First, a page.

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Our Problem is Free Trade, Not "Currency Manipulation"

Our Problem is Free Trade, Not "Currency Manipulation"

I have enjoyed the comments by readers of my previous article on the harms the KORUS Free Trade treaty has done to America's economy (co-authored with Ken Davis), and notice readers tend to move the discussion from trade policy to currency, i.e., the value of the dollar in relation to currencies of other countries.  This fits a larger pattern I have observed also among many trade policy reform advocates: blaming "currency manipulation" by other countries as the root of our trade deficits and loss of manufacturing.  I do not agree that currency valuation is the main cause of, or solution to, our country's economic problems.

The US trade deficit with China and other countries is the result of globalist policies in Washington DC, not "currency manipulation" by China or our other trade partners.  Specifically, it is the result of liberalization of US trade policy, i.e., the lowering of the protections to domestic industry that served us well for the first 150+ years of our independence as a nation.

This liberalization of US trade policy was the result of the influence on the US government by executives whose fortunes and careers were made in large, "US-based" corporations that sought to expand their markets and operations into a global level, regardless of the effects this would have on our country.  This began at least as early as the Nixon administration, and was detailed in my interview of Ken Davis (former VP and CFO of IBM and former Asst. Secretary of Commerce under Nixon) published here:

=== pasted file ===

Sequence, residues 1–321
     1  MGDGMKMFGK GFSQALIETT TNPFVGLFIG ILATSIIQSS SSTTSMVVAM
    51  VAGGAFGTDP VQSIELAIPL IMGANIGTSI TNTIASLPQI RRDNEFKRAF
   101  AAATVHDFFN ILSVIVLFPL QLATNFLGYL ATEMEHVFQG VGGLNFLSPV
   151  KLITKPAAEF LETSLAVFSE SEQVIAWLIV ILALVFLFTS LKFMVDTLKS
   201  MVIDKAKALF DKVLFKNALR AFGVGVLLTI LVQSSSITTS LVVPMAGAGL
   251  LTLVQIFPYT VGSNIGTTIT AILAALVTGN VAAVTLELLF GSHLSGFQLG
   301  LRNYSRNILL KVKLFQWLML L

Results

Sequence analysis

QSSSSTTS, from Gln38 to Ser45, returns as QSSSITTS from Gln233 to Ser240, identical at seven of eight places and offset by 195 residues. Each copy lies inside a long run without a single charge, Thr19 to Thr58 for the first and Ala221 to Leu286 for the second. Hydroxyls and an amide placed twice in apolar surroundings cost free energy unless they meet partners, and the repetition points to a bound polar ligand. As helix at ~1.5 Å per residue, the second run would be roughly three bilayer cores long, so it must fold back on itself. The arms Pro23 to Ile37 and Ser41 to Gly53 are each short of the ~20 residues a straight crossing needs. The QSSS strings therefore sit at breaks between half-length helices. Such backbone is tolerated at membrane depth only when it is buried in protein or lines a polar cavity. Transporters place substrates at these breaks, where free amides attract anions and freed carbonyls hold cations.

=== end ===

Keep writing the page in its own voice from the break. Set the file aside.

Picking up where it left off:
Indeed this is still true, as much of the 'made in China" imports flooding the US market today are products of "US-based" companies that off-shored or outsourced their production for the US market, reaping huge windfalls for their executives and large shareholders, and using some fraction of those windfalls to buy both US political parties and fund think tanks such as the Peterson Institute for International Economics (PIIE) and lobbyist groups such as the US Chamber of Commerce, all of whom promote these Free Trade policies.

Read the numerous business press articles describing decisions by individual "US-based" companies to build factories in China or other (mostly Asian) countries.  The American executives offshoring their operations never cite currency values.  Rather they cite subsidies such as cheap capital, cheap or free real estate, wage subsidies, guaranteed input costs, and other industrial policy initiatives of foreign governments.  All of which, I must note, are within the sovereign right of those governments, and, apparently, effective promotions of their national interest in growing employment and manufacturing capacity and encouraging technology transfers to their country.  These American executives, meanwhile, assume that wherever they put their offshore operations, they will be able to use America's Free Trade policies to deliver their wares to the enormous US market.